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INTERVIEW BY BRADFORD MCKEE

In his new book, Doug Tallamy looks at oaks as a life force.

FROM THE SEPTEMBER 2021 ISSUE OF LANDSCAPE ARCHITECTURE MAGAZINE.

 

In two influential books, the entomologist Douglas W. Tallamy has spread a message of people-powered biodiversity, to say that if humans have crowded out nature across the world, they can also invite it back in at close range. Tallamy, who is 70 and lives in southeastern Pennsylvania, is a professor in the Department of Entomology and Wildlife Ecology at the University of Delaware, where he joined the faculty in 1981 and has led or coauthored 104 published research studies on the behavior and chemistry of insects. In 2007, his book Bringing Nature Home: How You Can Sustain Wildlife with Native Plants hatched a mission to persuade home gardeners to think big about the buffets they can create for animals just outside any door as bulwarks against ecological decline. He expanded that project in 2020 with Nature’s Best Hope: A New Approach to Conservation That Starts in Your Yard, which became a New York Times best seller.

Tallamy’s latest book, The Nature of Oaks: The Rich Ecology of Our Most Essential Native Trees (published, like the others, by Timber Press), puts his message through a different prism, that of the genus Quercus, which includes 435 species of oaks around the world, 91 of them in North America, where they are superlative among trees as sources of food and shelter in their environments. He details the oak’s life cycle through the 12 months of the year. “Unfortunately, the diverse web of life that is associated with oaks goes unnoticed and thus unappreciated by most homeowners,” Tallamy writes. Many homeowners, indeed, are ready to cut down oaks to avoid raking leaves, though he explains that raking is not only unnecessary but to be strongly discouraged, given the high value of oak leaf litter as microhabitat. Once again his gift to readers, in plainspoken prose, is to help them see the familiar in nature and find the unseen.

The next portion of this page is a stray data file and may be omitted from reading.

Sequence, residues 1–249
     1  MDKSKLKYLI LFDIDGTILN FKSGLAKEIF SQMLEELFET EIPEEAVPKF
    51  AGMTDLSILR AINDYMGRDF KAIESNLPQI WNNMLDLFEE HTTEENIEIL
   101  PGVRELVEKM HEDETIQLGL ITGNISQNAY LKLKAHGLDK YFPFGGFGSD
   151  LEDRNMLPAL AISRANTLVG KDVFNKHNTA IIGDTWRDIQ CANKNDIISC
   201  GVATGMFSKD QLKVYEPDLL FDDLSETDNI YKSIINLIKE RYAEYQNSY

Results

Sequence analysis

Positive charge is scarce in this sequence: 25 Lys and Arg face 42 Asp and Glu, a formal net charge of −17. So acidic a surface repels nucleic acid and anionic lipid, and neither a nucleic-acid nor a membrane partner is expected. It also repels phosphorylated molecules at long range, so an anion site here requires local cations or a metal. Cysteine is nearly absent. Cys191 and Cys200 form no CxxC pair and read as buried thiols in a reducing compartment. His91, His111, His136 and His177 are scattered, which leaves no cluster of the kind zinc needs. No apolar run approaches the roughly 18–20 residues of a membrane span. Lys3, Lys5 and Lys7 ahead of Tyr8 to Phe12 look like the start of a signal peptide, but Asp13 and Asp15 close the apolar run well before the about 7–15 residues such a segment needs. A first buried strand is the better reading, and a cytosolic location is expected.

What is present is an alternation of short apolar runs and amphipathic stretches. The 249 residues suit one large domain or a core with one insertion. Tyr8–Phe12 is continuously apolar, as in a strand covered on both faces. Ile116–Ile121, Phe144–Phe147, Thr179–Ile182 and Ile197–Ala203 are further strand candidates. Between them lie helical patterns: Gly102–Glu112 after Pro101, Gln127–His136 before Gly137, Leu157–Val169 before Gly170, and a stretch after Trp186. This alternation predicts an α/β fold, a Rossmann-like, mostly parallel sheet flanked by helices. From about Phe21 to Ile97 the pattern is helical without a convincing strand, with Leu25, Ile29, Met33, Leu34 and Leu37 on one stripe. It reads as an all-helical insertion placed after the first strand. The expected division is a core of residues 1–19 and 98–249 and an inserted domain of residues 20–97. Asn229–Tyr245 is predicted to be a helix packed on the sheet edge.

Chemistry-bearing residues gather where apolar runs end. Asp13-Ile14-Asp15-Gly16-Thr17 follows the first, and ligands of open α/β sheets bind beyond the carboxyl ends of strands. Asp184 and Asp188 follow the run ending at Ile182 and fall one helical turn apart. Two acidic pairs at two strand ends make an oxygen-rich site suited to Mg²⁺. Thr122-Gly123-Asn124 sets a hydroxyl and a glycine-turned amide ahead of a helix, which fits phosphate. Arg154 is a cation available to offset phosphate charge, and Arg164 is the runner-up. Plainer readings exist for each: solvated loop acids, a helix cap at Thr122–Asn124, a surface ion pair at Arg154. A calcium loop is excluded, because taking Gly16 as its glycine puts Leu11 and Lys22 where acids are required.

This interview has been edited and condensed.

Bradford McKee: In The Nature of Oaks, as in your earlier books, you’re bringing science and natural history to the household conversation—

Doug Tallamy: That’s the goal!

BM: —though scientists who do academic research and also do public advocacy so regularly are exceptions in most fields. What’s driving your mission? (more…)

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BY BRIAN BARTH

A flood-friendly park re-creates a resilient landscape in Calgary’s Bow River.

FROM THE JANUARY 2020 ISSUE OF LANDSCAPE ARCHITECTURE MAGAZINE.

 

In the summer of 2013, catastrophic flooding in southern Alberta killed five people and forced 100,000 to evacuate. With $6 billion in property damage, it was one of the costliest natural disasters in Canadian history. The swollen Bow River, which flows from glacial headwaters in the Rockies to Calgary, left much of the city’s urban core underwater. The inundated area included St. Patrick’s Island, one of several islands in the downtown stretch of the river, where Barbara Wilks, FASLA, and Mark Johnson, FASLA, had just kicked off construction on a new 31-acre park. A new pedestrian bridge to the island, which was partially built at the time, suffered significant damage. But for the park itself, Wilks and Johnson—the founders of W Architecture and Landscape Architecture and Civitas, respectively—say the floodwaters provided positive reinforcement of their design.

This was not the initial reaction, however, of the folks at the Calgary Municipal Land Corporation (CMLC), their client.

“Our client called and said, ‘Oh, God, you have to get up here; we’re going to have to change the design,’” said Johnson as he, Wilks, and I strolled across the bridge to the completed park on a clear spring day.

“The whole island flooded!’” Wilks recalled members of the CMLC team saying in an urgent and distressed call. “We said, ‘It’s going to be fine; there’s nothing to change. We designed it to flood—this is what’s supposed to happen.’” (more…)